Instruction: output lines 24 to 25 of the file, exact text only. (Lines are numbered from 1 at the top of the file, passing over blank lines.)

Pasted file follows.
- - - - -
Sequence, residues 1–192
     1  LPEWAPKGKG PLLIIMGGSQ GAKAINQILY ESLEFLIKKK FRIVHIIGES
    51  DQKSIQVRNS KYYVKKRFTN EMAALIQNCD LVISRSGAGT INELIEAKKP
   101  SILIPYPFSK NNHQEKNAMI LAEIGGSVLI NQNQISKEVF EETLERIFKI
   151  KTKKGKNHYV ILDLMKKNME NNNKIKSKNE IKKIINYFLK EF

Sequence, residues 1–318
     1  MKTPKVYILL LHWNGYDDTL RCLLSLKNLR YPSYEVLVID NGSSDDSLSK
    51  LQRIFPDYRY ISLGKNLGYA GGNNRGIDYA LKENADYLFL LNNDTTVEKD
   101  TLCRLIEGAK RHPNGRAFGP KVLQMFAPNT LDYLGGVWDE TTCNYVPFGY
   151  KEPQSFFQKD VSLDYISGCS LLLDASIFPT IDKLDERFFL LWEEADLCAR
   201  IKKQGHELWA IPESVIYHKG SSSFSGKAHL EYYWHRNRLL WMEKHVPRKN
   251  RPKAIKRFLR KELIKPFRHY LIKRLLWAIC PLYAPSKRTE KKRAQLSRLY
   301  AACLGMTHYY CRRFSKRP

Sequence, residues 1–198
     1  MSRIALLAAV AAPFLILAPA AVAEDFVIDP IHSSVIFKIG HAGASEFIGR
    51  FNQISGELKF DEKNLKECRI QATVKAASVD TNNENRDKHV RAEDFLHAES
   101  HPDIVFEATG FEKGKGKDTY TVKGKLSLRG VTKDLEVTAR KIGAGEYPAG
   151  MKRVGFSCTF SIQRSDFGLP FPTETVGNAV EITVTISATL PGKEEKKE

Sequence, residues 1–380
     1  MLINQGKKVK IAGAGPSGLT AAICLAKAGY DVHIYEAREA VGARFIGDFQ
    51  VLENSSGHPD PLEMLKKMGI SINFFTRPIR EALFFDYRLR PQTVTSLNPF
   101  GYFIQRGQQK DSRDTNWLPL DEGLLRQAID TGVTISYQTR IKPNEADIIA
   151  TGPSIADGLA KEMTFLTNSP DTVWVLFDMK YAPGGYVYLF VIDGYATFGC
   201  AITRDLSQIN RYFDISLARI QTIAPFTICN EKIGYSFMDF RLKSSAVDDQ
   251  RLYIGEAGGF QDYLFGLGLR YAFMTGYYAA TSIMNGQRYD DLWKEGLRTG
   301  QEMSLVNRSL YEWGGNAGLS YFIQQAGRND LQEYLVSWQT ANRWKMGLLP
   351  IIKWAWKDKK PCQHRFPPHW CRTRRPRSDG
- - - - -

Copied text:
   201  AITRDLSQIN RYFDISLARI QTIAPFTICN EKIGYSFMDF RLKSSAVDDQ
   251  RLYIGEAGGF QDYLFGLGLR YAFMTGYYAA TSIMNGQRYD DLWKEGLRTG